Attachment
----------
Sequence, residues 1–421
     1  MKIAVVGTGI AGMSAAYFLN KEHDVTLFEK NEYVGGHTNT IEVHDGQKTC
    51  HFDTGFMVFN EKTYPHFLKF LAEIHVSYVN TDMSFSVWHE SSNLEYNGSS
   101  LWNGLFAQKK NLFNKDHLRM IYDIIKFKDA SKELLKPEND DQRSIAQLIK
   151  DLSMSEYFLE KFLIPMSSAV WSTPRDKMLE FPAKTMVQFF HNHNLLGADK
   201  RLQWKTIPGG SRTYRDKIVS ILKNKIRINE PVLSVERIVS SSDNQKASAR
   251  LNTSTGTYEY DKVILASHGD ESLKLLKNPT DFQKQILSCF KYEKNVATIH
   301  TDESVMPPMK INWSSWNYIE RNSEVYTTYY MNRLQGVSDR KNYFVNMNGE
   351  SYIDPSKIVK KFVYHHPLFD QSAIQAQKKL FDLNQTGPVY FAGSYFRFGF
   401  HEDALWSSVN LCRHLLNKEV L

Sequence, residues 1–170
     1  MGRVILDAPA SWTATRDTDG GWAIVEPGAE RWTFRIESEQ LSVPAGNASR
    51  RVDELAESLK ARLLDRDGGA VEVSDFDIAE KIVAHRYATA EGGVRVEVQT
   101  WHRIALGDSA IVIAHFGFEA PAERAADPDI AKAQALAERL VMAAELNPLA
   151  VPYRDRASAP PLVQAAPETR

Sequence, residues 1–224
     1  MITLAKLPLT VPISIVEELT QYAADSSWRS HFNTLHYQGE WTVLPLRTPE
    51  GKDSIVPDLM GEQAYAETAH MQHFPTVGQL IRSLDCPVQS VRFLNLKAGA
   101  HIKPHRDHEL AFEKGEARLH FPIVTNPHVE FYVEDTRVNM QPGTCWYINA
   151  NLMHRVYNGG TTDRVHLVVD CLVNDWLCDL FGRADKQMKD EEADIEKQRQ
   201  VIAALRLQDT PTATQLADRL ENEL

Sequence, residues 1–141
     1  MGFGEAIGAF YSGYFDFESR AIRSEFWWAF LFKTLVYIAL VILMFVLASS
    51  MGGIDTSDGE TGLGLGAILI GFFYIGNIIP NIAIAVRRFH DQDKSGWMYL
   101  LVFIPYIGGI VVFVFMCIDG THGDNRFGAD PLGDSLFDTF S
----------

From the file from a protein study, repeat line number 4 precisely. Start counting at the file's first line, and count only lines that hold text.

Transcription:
   101  LWNGLFAQKK NLFNKDHLRM IYDIIKFKDA SKELLKPEND DQRSIAQLIK